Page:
The bikes tested cost from about $300.00 to nearly $2,000.00. It was found that more money buys a lightweight frame made of carbon fiber, aluminum (or a combination of both materials), or high-strength steel and other high-quality components. But you can still buy a good bike for just a few hundred dollars.
Decide what kind of riding you’ll do
That will narrow your choice to one of the four basic types. If your an avid cyclist, you may prefer a convention road bike. Looking for leisurely ride on flat, paved roads? A comfort bike may be more your speed. If rugged trails are in your sights, then a mountain bike might be best.
Find a good bike shop
You’ll pay more, but we think your more likely to be satisfied. Bikes from big-box stores might not be properly assembled or well matched to your body. If you don’t like the pedals or seat on a particular model, some bike shops will swap components at little or no cost.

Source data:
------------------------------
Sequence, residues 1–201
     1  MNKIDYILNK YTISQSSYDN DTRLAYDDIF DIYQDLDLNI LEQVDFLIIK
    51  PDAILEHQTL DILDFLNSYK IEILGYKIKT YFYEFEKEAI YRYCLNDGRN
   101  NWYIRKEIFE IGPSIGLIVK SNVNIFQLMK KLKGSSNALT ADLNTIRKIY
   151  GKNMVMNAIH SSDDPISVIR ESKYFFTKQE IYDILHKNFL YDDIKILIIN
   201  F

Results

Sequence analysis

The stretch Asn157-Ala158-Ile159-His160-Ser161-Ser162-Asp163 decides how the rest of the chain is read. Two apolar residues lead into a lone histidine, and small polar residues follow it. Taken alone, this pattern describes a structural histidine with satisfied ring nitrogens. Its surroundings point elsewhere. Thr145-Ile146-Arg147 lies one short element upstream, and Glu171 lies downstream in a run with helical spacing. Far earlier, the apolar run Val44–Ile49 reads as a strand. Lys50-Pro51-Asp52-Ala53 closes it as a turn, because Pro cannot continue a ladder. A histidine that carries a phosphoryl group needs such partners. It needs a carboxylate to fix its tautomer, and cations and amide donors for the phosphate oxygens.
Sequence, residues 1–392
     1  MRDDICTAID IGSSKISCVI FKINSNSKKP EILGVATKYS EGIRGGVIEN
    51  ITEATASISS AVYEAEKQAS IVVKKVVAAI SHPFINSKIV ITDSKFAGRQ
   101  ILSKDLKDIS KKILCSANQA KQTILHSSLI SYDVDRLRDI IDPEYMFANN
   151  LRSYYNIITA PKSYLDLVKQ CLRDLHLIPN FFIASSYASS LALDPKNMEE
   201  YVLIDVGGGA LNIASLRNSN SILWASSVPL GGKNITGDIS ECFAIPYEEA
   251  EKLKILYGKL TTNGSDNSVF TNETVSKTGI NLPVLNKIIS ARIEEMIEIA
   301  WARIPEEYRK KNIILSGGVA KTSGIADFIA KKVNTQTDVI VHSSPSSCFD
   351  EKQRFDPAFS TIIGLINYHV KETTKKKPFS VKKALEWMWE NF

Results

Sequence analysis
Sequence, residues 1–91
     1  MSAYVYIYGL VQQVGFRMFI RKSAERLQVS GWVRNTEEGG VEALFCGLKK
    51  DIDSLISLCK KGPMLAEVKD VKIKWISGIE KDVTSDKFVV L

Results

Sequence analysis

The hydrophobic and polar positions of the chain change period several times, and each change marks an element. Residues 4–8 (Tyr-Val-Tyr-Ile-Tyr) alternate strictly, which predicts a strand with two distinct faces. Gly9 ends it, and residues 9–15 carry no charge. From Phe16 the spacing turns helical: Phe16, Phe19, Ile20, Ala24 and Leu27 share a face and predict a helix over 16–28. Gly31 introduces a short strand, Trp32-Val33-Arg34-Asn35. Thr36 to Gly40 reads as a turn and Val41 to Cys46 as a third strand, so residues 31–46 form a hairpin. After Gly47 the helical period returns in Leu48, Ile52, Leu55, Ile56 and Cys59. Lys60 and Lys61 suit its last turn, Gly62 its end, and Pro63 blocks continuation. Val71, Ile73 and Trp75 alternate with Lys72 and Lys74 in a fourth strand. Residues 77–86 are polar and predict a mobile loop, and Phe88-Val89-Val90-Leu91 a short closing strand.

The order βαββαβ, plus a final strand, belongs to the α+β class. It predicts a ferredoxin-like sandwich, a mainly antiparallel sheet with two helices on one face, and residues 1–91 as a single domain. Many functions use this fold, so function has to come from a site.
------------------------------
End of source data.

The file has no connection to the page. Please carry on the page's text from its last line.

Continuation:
Take a test ride
Before you buy a bike, ride it far enough to make sure that the brakes and shifters are easy to use, the fit is comfortable, the gears can go low enough for climbing hills, and the frame and suspension adequately smooth the bumps.
Avoid cheap bikes
Inexpensive bikes – those selling for less that about $200.00, often in big-box stores – may seem like good deals, but it is advised to spend $300.00 or more, if your budget allows. Why? Because you’ll get a lot more bike for your buck
Mass-market bikes have cheaper construction than higher-priced bikes and can weigh seven or eight pounds more. They come in only one size, so you’re not likely to get a great fit. And mass merchants can’t match bike shops for quality of assembly, expert advice, and service.
Consider these extras
A good bike helmet is essential. Special cycling shoes and cleats can ease your pedaling. Gloves will absorb vibrations and help to protect your hands in a spill. Polycarbonate glasses can shield your eyes from bugs and errant pebbles. A water bottle is handy to have on long, hot-weather rides
This is from the Consumer Reporting Guide